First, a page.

A lifetime of great good deeds in the in- 
terests of his fellowmen. 

most forthright, honest man who has 
hewn out his career with mighty 
strokes, letting the chips fall where 
they may. 

Redoubtable Personality 

Dr. DaCosta would call him "a re- 
doubtable personality" — an efficient ad- 
ministrator and disciplinarian, a loyal 
trustworthy friend, a dangerous enemy 
to those willfully in the wrong, yet a 
man of deep sympathy and understand- 
ing and profound common sense. 

He is one of three older men whose 
friendship I treasure and hold in pecu- 
liar honor, the other two being Pro- 
fessor Rufus M. Jones of Haverford 
College and Dr. Henry A. Christian of 
Boston. I do not think that Dr. White 
would mind my telling that he is the 
only patient I ever had who has per- 
sonally contracted three of the world's 
great epidemic diseases, Asiatic cholera, 
bubonic plague, and yellow fever. I 
have one or two Russian-Americans 
who have had cholera in Russia, but 
none of my patients, other than Dr. 

White, has had either plague or yellow 

In 189.3, Dr. White was United States 
Sanitary Representative to Hamburg. 
Germany, during the famous cholera 
epidemic there, and this was when he 
contracted cholera. 

Teddy's Friend 

When Theodore Roosevelt was Police 
Commissioner of New York City, Dr. 
White was stationed on Ellis Island, and 
the two became boon companions. 

Dr. White was a lifelong student. He 
knew Dr. Carlos Finlay of Havana and, 
before Walter Reed's definitive experi- 
ments, accepted Finlay's dictum that 
yellow fever was carried by the mos- 
quito then known as Stegomyia fasciata, 
now, as Aedes aegypti. Just before Reed 
went to Havana he visited Dr. White in 
his home at Washington and Dr. White 
told him he was going to tr>- yellow 
fever control by mosquito control at his 
earliest opportunity. 

Soon after that, a small epidemic 
broke out in the Soldiers' Home at 
Hampton, Va., and Dr. White was 
ordered there to deal with it. He wiped 
out the epidemic very promptly by de- 
stroying all Aedes mosquitoes in the 
vicinity. I have seen the engraved testi- 
monial gold watch telling of this work,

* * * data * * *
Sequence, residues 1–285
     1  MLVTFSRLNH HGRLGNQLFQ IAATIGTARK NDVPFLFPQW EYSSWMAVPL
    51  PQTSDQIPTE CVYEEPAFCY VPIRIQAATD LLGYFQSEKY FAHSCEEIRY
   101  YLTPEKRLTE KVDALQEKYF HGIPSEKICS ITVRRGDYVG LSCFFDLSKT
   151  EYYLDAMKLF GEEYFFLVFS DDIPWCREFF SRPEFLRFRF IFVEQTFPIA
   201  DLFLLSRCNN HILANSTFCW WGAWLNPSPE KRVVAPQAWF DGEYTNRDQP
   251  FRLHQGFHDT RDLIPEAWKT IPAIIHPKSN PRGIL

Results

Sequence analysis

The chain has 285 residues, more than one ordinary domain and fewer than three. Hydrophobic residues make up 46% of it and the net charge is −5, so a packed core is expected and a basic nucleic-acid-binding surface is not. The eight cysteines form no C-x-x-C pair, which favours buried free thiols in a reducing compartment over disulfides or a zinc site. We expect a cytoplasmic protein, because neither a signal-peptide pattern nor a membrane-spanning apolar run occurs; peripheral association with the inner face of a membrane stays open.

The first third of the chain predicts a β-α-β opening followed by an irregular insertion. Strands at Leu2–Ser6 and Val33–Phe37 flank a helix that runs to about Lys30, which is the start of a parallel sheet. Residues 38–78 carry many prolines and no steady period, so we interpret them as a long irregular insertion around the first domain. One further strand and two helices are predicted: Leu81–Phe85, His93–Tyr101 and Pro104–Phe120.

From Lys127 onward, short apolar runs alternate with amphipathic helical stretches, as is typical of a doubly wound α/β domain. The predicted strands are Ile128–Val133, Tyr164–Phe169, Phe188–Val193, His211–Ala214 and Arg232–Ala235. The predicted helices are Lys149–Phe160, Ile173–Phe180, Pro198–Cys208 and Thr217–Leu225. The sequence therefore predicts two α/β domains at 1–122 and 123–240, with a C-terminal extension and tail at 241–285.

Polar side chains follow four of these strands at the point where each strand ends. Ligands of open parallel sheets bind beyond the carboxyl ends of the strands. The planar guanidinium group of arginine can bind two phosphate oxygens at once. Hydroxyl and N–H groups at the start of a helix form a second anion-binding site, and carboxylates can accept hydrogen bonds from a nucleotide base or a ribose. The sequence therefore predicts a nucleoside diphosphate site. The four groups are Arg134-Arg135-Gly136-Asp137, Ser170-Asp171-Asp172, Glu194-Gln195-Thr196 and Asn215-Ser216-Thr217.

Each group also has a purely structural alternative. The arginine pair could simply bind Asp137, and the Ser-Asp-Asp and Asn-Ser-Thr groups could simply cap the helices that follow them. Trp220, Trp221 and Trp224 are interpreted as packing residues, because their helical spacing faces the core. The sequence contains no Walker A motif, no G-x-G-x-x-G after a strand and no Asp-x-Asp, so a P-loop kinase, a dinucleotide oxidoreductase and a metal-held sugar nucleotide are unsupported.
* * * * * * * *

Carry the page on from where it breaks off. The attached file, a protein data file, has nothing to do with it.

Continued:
which he carries. Had Reed lived to 
make his final report, he would have 
given Dr. White priority for his work. 

In 1900. San Francisco was visited by 
a plague epidemic. A fine young officer 
of the U.S.P.H.S.. Dr. Kinyoun, went 
there and stated the facts. The local 
politicians denied them and were up- 
held by Surgeon-General WjTiian. him- 
self a politician. Dr. Kinyoun resigned 
from the service and Dr. White replaced 
him in San Francisco. Dr. White agreed 
with Dr. Kinyoun, and all the politicians 
in and out of Christendom could not 
suppress him. so he told the world about 
it. cleared the city of plague, but con- 
tracted the disease himself in the 

Roosevelt — Taft 

When Theodore Roosevelt was Presi- 
dent of the United States, he wanted 
Dr. White to succeed Dr. Wyman as 
Surgeon-General of the U.S.P.H.S. Had 
Roosevelt been elected on the Bull Moose 
ticket. Dr. White would have done so, 
but Taft was president when Wyman 
retired, and the rift between Roosevelt 
and Taft was so great that the latter 
refused to appoint Dr. White, though 
Roosevelt requested it. 

During World War I. Dr. White was 
offered a temporary major-generalcy in 
the Army, but declined it. as it would 
require him to forfeit his retirement 
pension from the U.S.P.H.S.. and ac- 
cepted the temporarj- rank of Colonel, 
which carried no such requirement. He 
was in charge of all malaria control in 


the army camps in the United States. 
He told me the followin^r aneedote: 
Comintr to a newly-erected camp, he 
looked around a bit, and then called on 
the ISIajor (Jeneral in command, an un- 
reasonable officer who listened to no one 
if he could help it. Dr. White requested 
that an engineer otiicer antl at least 200 
enlisted engineer troops be placed at his 
disposal, but was met by a curt refusal 
and an evident unwillinjriiess to discuss 
the matter or inquire what he wanted 
them for. So, Dr. White said he was 
leaving and would loturn in two or 
three weeks. 

Sees 'The Old Man" 

The General demanded why. but Dr. 
White was non-committal, and left to 
inspect another camp. Returninjj at the 
appointed time, he was met by the Gen- 
eral's adjutant, who be.esred him to see 
"the Old Man," as he'd called him, at 
once, and added that he thought Dr. 
White could get anything he wanted 
this time. The General was all hot and 
bothered by a severe malaria epidemic 
that had broken out. Dr. White got his 
engineer officer, and the two rode out 
to a small lake, behind which was a 
hill. The lake, of course was full of 
anopheles larvae. Dr. White said he